Due to the shift toward online services, leaders at Public Library of Steubenville and Jefferson County knew they needed to provide their patrons with a digital alternative to print magazines and periodicals. This presented a challenge to Library Director Alan Hall, who has witnessed the progression of technology in the library industry and its impact on patron habits.
“When I started in the library business 40 years ago, [magazines] were not circulated because we needed them here for research,” he explained. “Well, that whole world has changed.”
As Hall and his staff researched possible digital magazine solutions, it became clear that not all platforms were the same. Some charged outrageous platform fees or had difficult login procedures. Others didn’t offer top magazines or flexible subscription options. So the decision to go with Flipster was an easy one.
“We liked the format,” Hall said. “It was the ease of how you downloaded.”
The library system began subscribing to Flipster in January of 2015. Hall said Flipster’s format and wide selection of magazines pleased him.
“When we were researching vendors, Flipster seemed to be a product that covered the type of magazines that were in our collection in a paper format,” he explained.
In addition to the easy-to-use format and wide range of magazines, Hall also appreciated Flipster’s straightforward pricing structure and lack of hidden fees.
“The fees were easy to understand,” he said. “You didn’t have to go through all this rigmarole trying to figure out what it was going to cost you.”
Many times, Hall said, librarians rule out worthwhile services because it seems like they cost too much money. But he encouraged librarians to consider the benefits that digital magazines provide over print magazines.
“We were getting six copies of People magazine throughout the system, and with Flipster we are getting 500,” Hall said.
The library currently subscribes to 46 titles including must-have magazines such as Consumer Reports and Sports Illustrated and popular DIY magazines such as Crochet! and HGTV Magazine. To meet the needs of younger readers, the library subscribes to a number of children’s magazines including Boys’ Life and Cricket Media titles such as Ladybug.
The library system also enjoys using EBSCOhost Collection Manager (ECM) to maintain its Flipster subscriptions. ECM allows library administrators to easily select new titles, add additional copies, and renew existing subscriptions.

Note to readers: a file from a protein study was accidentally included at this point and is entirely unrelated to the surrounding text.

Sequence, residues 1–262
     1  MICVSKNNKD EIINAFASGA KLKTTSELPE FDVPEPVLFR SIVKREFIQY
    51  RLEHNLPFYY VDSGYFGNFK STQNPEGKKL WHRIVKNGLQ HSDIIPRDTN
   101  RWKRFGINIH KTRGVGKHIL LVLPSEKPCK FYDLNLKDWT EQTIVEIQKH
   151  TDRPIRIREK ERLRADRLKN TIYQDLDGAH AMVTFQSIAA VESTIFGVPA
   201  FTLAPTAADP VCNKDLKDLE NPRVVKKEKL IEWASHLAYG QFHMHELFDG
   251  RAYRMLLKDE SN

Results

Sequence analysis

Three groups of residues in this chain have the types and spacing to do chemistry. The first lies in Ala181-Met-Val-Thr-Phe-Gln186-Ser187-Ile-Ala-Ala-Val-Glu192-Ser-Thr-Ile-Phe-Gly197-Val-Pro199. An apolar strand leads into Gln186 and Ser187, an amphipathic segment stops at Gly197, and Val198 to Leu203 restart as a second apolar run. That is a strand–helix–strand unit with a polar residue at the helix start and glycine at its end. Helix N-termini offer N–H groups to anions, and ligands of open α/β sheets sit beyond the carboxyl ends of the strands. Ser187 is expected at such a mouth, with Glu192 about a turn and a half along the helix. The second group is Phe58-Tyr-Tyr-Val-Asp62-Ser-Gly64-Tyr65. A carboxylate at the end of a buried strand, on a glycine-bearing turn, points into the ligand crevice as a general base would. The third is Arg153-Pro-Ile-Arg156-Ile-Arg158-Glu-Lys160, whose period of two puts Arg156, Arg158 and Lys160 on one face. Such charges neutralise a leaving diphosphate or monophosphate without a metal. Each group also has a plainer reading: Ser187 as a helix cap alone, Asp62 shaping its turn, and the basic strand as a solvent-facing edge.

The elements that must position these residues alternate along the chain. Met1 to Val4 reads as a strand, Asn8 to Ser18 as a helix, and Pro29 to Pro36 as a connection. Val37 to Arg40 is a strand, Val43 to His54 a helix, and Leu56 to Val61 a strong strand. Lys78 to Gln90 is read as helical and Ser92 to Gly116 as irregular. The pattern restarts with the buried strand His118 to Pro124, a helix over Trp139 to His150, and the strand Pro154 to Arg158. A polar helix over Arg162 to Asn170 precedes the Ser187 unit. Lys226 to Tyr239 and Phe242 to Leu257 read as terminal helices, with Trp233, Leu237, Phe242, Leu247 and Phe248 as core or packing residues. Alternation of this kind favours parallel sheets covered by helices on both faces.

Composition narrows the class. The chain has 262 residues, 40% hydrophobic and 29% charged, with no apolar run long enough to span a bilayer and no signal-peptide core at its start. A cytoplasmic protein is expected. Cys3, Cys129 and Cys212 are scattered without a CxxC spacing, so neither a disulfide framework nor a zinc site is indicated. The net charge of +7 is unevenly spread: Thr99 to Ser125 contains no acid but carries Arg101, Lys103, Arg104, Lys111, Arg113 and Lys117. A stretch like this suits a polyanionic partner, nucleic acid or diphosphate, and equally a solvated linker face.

Accessing Flipster is easy; all a patron needs is a library card and an Internet connection. It’s also easy for patrons to download the Flipster app for Apple® and Android™ phones and tablets and Kindle Fire tablets and browse the magazines their library offers directly from the app.
To promote Flipster to current and potential users, Hall’s public relations department takes advantage of free brochures and marketing materials provided with their Flipster subscription. They also find success marketing Flipster via social media, specifically Facebook and Pinterest.
“It’s a constant effort on our part to educate people and then once we do, people become our best PR,” Hall said. “Once you get somebody who is just amazed by something, they tell everyone they know.”
Benefits & Results
Since launching Flipster, the library has seen a significant increase in magazine circulation, averaging approximately 3,000 downloads per month. The release of Flipster has also prompted new users to visit the library and request a library card, which has led to an increase in use of their core services.
The introduction of Flipster has also given the library an opportunity to better connect with the community. The library system offers technology sessions where patrons can bring in any mobile device and learn how to use it. Hall said Flipster is the perfect service to showcase in these sessions.
“One of the things we do is we show them how to download Flipster, and they’re absolutely amazed,” he explained. “It’s a totally new concept and they never thought about the library having it, so it’s just great.”
Hall said magazines have changed a lot since the 1970s when he was 16 and worked as a page shelving books at his local library. He remembers the challenge of digging up magazine back issues in the library basement.
“Once the back issue was found, it was usually damaged,” he recalled. “Nothing is ever ripped out of an electronic magazine!”
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